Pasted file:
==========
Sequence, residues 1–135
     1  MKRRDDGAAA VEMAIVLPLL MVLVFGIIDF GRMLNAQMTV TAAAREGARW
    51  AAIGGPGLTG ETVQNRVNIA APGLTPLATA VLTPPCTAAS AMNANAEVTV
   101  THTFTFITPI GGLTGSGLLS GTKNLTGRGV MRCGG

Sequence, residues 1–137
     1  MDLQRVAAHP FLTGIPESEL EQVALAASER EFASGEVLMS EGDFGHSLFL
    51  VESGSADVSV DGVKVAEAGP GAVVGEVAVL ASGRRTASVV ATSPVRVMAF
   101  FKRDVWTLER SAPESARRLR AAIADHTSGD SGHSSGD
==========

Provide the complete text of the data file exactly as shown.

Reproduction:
Sequence, residues 1–135
     1  MKRRDDGAAA VEMAIVLPLL MVLVFGIIDF GRMLNAQMTV TAAAREGARW
    51  AAIGGPGLTG ETVQNRVNIA APGLTPLATA VLTPPCTAAS AMNANAEVTV
   101  THTFTFITPI GGLTGSGLLS GTKNLTGRGV MRCGG

Sequence, residues 1–137
     1  MDLQRVAAHP FLTGIPESEL EQVALAASER EFASGEVLMS EGDFGHSLFL
    51  VESGSADVSV DGVKVAEAGP GAVVGEVAVL ASGRRTASVV ATSPVRVMAF
   101  FKRDVWTLER SAPESARRLR AAIADHTSGD SGHSSGD